My windows have had it. Timber sash vs uPVC?

Discussion in 'Other Trades Talk' started by Zidecke, May 9, 2024.


What do with these windows?

Poll closed Yesterday at 3:05 PM.
  1. Refurb

  2. Replace it all (and surrounding) with TIMBER SASH

    0 vote(s)
  3. Replace it all (and surrounding) with uPVC

    0 vote(s)
  1. Zidecke

    Zidecke Member


    Do you think the attached windows are refurbish(able)? If so, does that mean keeping the existing (single-glazes) panes and refurbing the box and wood? Any idea how much this might set us back?

    If not refubish(able), I will look to replace with either a double-glazed timber sash or uPVC.

    If opting for uPVC, I heard a rumour that there are some uncanny imitation-wood options out there (and some with sash too, if I remember correctly).

    What does the forum think?

    Attached Files:

  2. Mark DM

    Mark DM Screwfix Select

    What's the external condition like. Post more pictures for a better assessment. Internally doesn't look too bad
  3. Astramax

    Astramax Super Member

    Are you located in a conservation area?
  4. rogerk110

    rogerk110 Member

    I've just been through the same decision process as you're going through. It's for my son's house in London, and I know he won't repaint wooden windows every 5 years like you're supposed to, so we opted for Timberlook windows. His house is in a conservation area, so he needed something that wasn't going to get him in trouble with the council, so these seemed to be the best option.
    They are now in and look really good and work extremely well.
    FWIW, I have just been through the extremely tedious experience of repainting all my wooden windows in my own home, and would love never to have to repeat it. Hours and hours up a ladder was not fun!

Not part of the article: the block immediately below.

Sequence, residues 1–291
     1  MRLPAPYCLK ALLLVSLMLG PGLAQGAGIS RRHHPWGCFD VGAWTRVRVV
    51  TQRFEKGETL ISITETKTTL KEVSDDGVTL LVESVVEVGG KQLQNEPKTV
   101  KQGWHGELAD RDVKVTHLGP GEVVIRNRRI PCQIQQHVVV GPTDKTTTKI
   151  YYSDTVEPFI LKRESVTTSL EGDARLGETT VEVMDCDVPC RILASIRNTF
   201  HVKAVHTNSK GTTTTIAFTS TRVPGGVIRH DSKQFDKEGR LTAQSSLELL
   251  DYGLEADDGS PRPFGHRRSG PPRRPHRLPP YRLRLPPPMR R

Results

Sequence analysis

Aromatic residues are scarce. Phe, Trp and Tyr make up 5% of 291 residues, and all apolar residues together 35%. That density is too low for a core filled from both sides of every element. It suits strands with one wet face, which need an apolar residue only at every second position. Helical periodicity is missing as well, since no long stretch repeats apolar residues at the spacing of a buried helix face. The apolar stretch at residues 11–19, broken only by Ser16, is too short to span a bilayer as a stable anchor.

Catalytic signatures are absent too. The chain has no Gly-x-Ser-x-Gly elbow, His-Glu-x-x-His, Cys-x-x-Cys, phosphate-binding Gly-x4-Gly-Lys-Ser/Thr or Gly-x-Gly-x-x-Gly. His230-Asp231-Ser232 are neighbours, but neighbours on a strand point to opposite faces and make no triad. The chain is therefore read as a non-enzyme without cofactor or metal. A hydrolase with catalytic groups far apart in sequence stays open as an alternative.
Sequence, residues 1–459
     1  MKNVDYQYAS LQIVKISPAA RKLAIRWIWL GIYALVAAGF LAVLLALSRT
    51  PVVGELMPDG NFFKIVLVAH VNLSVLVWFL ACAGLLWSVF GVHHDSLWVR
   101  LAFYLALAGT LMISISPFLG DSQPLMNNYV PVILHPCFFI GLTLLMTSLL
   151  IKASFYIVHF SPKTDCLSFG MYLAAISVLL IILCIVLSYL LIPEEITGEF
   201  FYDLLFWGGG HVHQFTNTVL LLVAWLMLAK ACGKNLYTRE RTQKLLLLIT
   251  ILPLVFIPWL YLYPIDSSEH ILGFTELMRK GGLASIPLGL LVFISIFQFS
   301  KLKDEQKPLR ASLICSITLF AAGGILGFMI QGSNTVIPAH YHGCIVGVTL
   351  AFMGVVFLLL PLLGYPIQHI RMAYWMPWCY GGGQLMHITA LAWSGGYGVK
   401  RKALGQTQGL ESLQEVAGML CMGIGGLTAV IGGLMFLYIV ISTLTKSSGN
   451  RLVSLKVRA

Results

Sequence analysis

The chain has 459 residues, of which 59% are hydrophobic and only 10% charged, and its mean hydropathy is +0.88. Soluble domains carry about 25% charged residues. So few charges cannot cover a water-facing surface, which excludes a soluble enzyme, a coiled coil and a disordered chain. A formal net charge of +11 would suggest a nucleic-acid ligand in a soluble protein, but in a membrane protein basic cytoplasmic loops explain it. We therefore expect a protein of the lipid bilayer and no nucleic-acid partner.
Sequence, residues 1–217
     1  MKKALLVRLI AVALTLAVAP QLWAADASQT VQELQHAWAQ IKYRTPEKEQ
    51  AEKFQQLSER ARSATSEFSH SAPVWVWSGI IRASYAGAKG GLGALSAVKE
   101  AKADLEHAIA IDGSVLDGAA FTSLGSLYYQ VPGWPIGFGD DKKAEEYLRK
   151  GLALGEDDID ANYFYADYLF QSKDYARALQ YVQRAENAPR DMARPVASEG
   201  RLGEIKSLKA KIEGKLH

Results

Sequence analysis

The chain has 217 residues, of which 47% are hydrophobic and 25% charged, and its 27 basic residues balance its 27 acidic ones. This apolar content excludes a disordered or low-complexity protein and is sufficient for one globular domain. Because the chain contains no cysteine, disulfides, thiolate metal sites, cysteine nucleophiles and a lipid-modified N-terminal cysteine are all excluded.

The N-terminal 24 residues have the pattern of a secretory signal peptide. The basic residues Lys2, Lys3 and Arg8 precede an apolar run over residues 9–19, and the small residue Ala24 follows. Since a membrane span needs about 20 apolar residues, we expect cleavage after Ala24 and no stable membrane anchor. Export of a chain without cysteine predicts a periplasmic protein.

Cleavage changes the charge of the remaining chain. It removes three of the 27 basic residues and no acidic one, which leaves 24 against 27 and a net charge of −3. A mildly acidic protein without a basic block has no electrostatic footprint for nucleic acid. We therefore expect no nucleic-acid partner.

Zidecke likes this.
  5. Mr Rusty

    Mr Rusty Screwfix Select

    IMHO a house that has sash windows should keep sash windows, which gives you several choices:-

    1) Have the sliding sash rebuilt single glazed as original and have the box (parting and staff beads) fitted with draft proofing.
    2) Same, but have the sliding parts modified to take a DGU and increase the weights by adding lead - (there should be enough space in the original box to add enough lead on top of the existing iron weight, if not convert to all lead)
    3) Have new timber sash windows made up, preferably in Accoya which should last for ever and often will have a 10-12 year paint guarantee - very expensive
    4) As @rogerk110 use a uPVC window - some look pretty good. However, if it is in a conservation area or even worse, listed, then it is worth checking what is acceptable.
    Zidecke likes this.
  6. Zidecke

    Zidecke Member

    Thanks for the replies so far!

    As requested, here are some photos from the outside.

    Regarding these options from @Mr Rusty , is anyone able to ascribe estimate ranges to these 3 options?

    Thanks in advance,


    PS. I'm sooo happy that we've received 4 votes for refurbishing and none of a complete re-fit. I assume it will save £££s.

    Attached Files:

    Last edited: May 14, 2024
  7. Cris 11

    Cris 11 Active Member

    Plastic every time for me if allowed, double or triple glazed just a wipe over occasionally they don't swell and get stuck better insulated and less noise.

    I cant actually think of a good reason for using wooden windows and doors over upvc.

    Not sure they even work out cheaper mine have been in 20 years and still look like new.

    If they were wood I would have had to pay someone to paint them 4 or 5 times over the last 20 years.
    BuildingMad and koolpc like this.
  8. BuildingMad

    BuildingMad Screwfix Select

  9. Mr Rusty

    Mr Rusty Screwfix Select